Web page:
People ask night photographers all sorts of questions. One of the most common is: What’s the scariest, creepiest place you have ever photographed?

The last stop for almost 1000 souls

The imposing Gothic stone structure, Moundsville Penitentiary in West Virginia, was the last stop for murderers, rapists and thieves. Almost 1000 men lost their lives here. Between 1876 and 1995, these prisoners were hung, electrocuted, bludgeoned or committed suicide. Some met grisly deaths in the outside weightlifting area.

Moundsville was bizarrely violent. It made the United States Department of Justice’s Top Ten Most Violent Correctional Facilities list.

Some met their deaths at the hands of prison guards. Moundsville broke men, leaving them shattered. Some feel that these tortured prisoners still remain within the large stone walls.

Moundsville takes its name from Native American burial mounds across the street. Death was no stranger to these parts.

Dark. Creepy. Imposing. Haunted. Old. Abandoned. Strange.

Three of us night photographers could not resist. During a humid summer in 2017, Tim Little, Mike Cooper and I photographed at Moundsville. At night. With no lights on.

Preparing for night photography within the stone walls

We arrived shortly after sunset. We were mobile, having all our camera equipment, water, snacks and accessories in backpacks. We shuffled past “Sparky,” the infamous electric chair that sent many to their deaths.

In the hallway, Tim passed out Motorola CP110 radios. These had a range of 1.5 miles. We were not sure if their signal would go through several thick stone walls, but it’s what we had. We would use these to communicate anything, typically using it to let others know where we were going so we wouldn’t interfere with each other or call for help.

The infamous Sugar Shack

The Sugar Shack is dark in more than one way. This was a recreation room located downstairs, and is the most infamous room at Moundsville. This room was basically a free-for-all, a place where the guards looked the other way, a place where gambling, fighting, rape and murder took place.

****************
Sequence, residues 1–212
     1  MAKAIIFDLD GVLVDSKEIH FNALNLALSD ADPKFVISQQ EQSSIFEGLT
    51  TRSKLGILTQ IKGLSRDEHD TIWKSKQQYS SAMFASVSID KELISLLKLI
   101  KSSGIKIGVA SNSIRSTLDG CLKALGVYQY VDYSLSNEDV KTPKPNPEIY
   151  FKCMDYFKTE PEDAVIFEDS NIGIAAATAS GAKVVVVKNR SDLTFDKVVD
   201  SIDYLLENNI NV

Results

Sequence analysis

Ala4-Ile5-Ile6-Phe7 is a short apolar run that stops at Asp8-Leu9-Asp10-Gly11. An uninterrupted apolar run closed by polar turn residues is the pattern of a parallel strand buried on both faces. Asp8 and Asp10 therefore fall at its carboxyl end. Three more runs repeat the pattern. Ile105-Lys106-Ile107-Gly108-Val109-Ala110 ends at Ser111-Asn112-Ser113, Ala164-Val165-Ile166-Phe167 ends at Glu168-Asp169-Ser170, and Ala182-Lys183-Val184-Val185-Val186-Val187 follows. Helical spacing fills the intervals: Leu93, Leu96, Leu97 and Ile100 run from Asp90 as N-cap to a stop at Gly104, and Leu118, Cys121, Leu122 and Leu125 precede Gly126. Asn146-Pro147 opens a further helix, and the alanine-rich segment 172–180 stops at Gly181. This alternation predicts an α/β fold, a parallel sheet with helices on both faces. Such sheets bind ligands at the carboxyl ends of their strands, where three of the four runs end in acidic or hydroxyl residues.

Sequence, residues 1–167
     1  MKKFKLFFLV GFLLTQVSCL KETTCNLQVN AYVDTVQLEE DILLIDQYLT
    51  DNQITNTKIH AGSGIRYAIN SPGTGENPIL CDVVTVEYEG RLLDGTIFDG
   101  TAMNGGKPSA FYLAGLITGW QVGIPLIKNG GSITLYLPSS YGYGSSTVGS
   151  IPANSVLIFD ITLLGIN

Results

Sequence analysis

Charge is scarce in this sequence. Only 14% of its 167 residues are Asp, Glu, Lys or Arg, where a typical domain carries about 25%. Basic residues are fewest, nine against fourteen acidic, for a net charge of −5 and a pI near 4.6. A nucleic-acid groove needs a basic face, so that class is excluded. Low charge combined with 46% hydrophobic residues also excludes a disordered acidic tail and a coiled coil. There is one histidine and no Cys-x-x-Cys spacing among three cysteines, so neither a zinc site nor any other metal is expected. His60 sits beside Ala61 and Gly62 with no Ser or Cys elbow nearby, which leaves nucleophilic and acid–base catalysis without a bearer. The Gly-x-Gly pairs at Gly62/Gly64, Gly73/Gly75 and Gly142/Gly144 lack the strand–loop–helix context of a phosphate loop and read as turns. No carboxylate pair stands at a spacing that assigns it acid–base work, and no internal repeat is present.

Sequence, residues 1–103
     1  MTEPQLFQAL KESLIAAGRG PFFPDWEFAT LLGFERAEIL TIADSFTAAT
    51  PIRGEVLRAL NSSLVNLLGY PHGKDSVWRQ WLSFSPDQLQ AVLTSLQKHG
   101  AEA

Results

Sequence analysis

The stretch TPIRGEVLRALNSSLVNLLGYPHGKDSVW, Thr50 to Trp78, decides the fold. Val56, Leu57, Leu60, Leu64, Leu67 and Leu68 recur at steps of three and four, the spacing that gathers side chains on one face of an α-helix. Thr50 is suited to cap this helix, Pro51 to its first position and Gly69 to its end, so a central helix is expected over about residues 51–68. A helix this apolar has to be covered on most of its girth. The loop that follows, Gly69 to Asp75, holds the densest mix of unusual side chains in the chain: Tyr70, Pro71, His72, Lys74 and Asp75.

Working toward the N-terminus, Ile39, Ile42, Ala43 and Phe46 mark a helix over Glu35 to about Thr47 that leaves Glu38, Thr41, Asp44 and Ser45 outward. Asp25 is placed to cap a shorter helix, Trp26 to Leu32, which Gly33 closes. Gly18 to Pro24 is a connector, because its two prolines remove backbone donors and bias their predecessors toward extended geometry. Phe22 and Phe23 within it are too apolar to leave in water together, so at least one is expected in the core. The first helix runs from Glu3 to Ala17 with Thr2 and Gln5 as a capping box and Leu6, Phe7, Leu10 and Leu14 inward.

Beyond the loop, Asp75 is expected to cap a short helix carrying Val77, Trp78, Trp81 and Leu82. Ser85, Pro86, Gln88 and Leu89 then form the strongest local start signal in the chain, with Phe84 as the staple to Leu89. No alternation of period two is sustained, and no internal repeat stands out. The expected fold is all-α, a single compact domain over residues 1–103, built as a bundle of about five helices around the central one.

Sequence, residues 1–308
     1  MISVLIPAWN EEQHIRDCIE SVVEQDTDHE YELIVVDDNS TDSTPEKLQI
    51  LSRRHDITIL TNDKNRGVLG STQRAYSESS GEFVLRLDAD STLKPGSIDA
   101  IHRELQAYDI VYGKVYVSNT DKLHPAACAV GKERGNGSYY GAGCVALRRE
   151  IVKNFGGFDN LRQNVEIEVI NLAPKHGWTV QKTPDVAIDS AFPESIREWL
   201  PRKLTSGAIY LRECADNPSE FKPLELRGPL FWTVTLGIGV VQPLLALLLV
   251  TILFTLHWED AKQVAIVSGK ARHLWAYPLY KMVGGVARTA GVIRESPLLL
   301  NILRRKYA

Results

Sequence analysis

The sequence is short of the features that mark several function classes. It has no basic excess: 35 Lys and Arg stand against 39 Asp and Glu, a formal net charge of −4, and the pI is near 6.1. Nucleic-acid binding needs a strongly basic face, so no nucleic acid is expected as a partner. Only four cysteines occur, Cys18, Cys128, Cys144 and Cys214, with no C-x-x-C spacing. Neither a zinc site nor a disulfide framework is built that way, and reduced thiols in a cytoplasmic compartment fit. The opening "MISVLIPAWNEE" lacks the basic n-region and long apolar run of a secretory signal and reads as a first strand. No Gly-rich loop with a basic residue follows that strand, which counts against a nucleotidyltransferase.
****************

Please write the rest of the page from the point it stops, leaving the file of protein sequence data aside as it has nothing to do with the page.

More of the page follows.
As you might imagine, there was indescribable mayhem, violence and injuries in this room. Chuck Ghent, our guide during our day tour, said, “Things happened in this room that made people call it the ‘Sugar Shack’ …  something you may not want to think too much about, heh heh.”

Paranormal investigators have reported hearing whispers, arguments, unexplained noises and cold spots in Sugar Shack. Ghent has said, “I’ve had footsteps walking behind me, and I’ve had doors close behind me.” Ghent worked as a correctional officer in the facility from 1986–1995. “In here, there wasn’t a day when you didn’t wonder if today might be your last day.”

While on the job as a guard, Ghent said an inmate tried to poison him by putting mercury in his coffee.

The sky was still relatively bright. However, I wanted to begin photographing. I chose the darkest place. This was the Sugar Shack.

I immediately got the creeps upon coming down here. I am typically not prone to being spooked. However, this room had a really ominous feel. I set up for one photo. My headlamp suddenly died. It was pitch dark. I could not see my hand in front of me. To finish off the photo, I counted steps to the wall and “light painted” the room with my ProtoMachines. I then packed up and left. One photo was enough.

Blood Red Cells

I photographed the Block J and K cells. This was foreboding. My footsteps echoed throughout. I decided to go with this, choosing a blood red photo, shining the light in such a way that the bars of the prison cells showed on the floor.

I did this with every cell. The entire image was red except for some of the lights from outside shining in through the glass brick windows. At one point, something clattered and sounded like it dropped to the floor. I whirled around. No one was there. I never knew what fell.

Psych ward

Near the end of the evening, the radio squawked. “We have to be out of here in 12 minutes!” I looked at my phone. Sure enough, it was almost time to leave. I was upstairs. Broken glass, shattered ceramics and lots of dust lay everywhere, creating scraping sounds as I walked.

I had 12 minutes. I had really wanted to photograph the psych ward. This lay on the other side of a large community room, which I had to cross.

FLU-FLU-FLU-FLU-FLUP!

I whipped around, shining my ProtoMachines light. I was met with a rush of wings and moving air. Bats! As if this Gothic stone building weren’t enough, bats also lived here.

I peered into the medical room in the psych ward. I could do this. I set up the camera quickly, shined my light into the room, and focused. I tripped the shutter and illuminated the room with red and blue light from the ProtoMachines into the room.

It was pitch dark, so it didn’t matter how long the exposure was. It was all dependent on my light. I wanted to photograph quickly since I had to get back to the front, which was at least five minutes away. 24 seconds later, I was done. I closed the shutter. The photo looked good. I could now leave the psych ward. I would no longer disturb the bats. Or anything else.